And yes, it was cold enough for me too.

This past weekend I worked at the Itafari Booth at the Lake Oswego European Market selling the baskets of Rwanda. From 9-4 on Saturday and 12-4 on Sunday, I stood in our little booth and talked about the amazing women of Rwanda. The amazing resiliency of the Rwandan people. What an amazing gift of $25 for a goat can be for a child headed household. The amazing difference that can be made with such small amounts of money when applied in thoughtful ways. And how damn (for those of you that don’t swear, that’s a coaching expression!) cold it was.

And it was cold. We were in a tent but the bottom of the tent left about a foot gap. Saturday, the temperature began around 31°F and over the course of the day reached 42°F. Though the tent had this gaping hole, the sun came out; there was no wind in the morning and a slight wind in the afternoon from the NNE of 8 mph. That evening I went to event and by the time I headed home at 10pm the temperature was back down to 37° and the wind was still gusty at 7 mph. (felt like 26°F) COLD. But I was bundled up and could hurry to my car and then to my warm home.

Yesterday John and I arrived at the booth at 8:45am to a much harsher situation. 34°F with winds from the ENE at 16mph. (wind chill made it feel like 24°F) The wind was picking up our side of the tent and then slamming it back down. John secured it as best he could and then we went out for a hot breakfast with our friends from Seattle – returning at noon.

The sun came out but the wind continued to blow. Shoppers hurried by our booth, everyone looked and felt COLD. We were all remarking about the weather. A bit too cold for the European festival we wanted. And the coldness came through my underclothes, by sweater, my coat, my gloves, my hat, my socks, and my boots. And all I could think about was the homeless in Portland. Who were experiencing the same weather, without ANY of the comforts I know.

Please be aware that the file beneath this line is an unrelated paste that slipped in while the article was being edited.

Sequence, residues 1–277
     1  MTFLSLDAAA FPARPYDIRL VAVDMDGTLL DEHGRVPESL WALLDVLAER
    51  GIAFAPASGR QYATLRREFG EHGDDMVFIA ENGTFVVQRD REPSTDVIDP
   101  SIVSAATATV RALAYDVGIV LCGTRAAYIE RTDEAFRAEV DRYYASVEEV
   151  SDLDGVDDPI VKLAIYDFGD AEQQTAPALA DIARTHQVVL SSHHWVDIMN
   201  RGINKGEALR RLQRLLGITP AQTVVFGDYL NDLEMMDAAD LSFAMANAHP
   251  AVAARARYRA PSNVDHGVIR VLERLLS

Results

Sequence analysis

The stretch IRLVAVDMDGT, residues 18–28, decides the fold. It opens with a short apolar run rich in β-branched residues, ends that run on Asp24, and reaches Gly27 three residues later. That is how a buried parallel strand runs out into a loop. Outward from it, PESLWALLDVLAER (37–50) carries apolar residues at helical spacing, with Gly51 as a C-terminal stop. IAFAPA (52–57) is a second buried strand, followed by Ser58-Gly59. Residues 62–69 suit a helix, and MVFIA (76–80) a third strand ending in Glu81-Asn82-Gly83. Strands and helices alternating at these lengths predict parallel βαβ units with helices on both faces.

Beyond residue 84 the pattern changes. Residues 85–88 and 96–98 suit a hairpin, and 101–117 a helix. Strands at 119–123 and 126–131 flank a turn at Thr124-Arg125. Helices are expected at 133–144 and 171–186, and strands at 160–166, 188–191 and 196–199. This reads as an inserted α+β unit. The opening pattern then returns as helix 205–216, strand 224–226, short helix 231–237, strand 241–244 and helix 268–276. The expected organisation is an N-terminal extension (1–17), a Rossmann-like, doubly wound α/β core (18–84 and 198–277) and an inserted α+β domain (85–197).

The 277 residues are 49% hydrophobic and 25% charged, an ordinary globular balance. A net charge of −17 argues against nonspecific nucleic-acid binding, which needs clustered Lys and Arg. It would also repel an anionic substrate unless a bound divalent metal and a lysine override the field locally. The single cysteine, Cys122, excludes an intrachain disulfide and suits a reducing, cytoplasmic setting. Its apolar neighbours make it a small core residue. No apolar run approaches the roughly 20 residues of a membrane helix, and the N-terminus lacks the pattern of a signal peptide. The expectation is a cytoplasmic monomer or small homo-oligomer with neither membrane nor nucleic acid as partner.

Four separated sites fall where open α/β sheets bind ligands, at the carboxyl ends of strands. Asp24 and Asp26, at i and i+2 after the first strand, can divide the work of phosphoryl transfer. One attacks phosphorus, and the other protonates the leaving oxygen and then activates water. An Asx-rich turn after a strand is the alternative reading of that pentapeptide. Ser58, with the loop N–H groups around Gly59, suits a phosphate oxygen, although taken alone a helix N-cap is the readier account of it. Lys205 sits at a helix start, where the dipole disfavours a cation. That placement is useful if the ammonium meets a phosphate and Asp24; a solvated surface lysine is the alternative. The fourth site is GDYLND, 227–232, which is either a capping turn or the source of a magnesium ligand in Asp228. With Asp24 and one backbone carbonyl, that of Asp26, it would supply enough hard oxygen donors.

Maybe a blanket, maybe a coat, hopefully a hot meal; but for many, another night on the street. I really can’t imagine being in the weather that we’re experiencing and being much colder than I was yesterday – ALL day – with no relief.

So I’ll do something about it. I’ll do what I can which is give a donation to the Portland Rescue Mission who every day choose to help our homeless. I care not for your opinion on how they got there, if they deserve it, and if they could do more to help themselves. That’s not the point of my point. My point is that I want to help the homeless be warm.

Today is colder than yesterday. It’s 23°F with a wind chill that makes it feel like 9°. So doing what I can is what I must do.

Take an opportunity to complete your charitable giving this week. Charities are really hurting this year. I know. The Itafari Foundation has received considerably fewer contributions – and we’re not alone.

You are welcome to give to us: Itafari Foundation. If you’re giving needs to be more local, consider Portland Rescue Mission. If you’re outside of Portland, who in your community could use some help? With whom do you resonate? What causes are dear to your heart? Now is the time.

Give a gift. Make a difference. And bundle up: it’s cold out there.

Latest From Our Blog

The Wave of Change

written by Alice Tang, ChFC®, MIM Sink or Swim: It’s all about how you pivot As the world changes...

Read More


Today POW Film Fest is launching POW TV, a virtual viewing station for discovering stories told by women and...

Read More

How do i support my female client?

Please enjoy my contribution to a “Sticky Situation” published in this months Choice Magazine titled, “Breaking the Glass Ceiling. Coaching...

Read More

Upcoming & Past Events

    Past Events

    Request A Free Chapter Of My Book

    Get It Now

    Ready to Get Started?

    Contact Us

    Victoria Trabosh

    Victoria Trabosh

    Since 2003, I have leveraged my 40-year business career and life experience into a role as an executive coach and international speaker, author and columnist. Practicing what I preach, I have been my own agent of change during my career. It has sparked in me a passion for helping others change as well. In fact, I’ve committed my life to it.

    Read More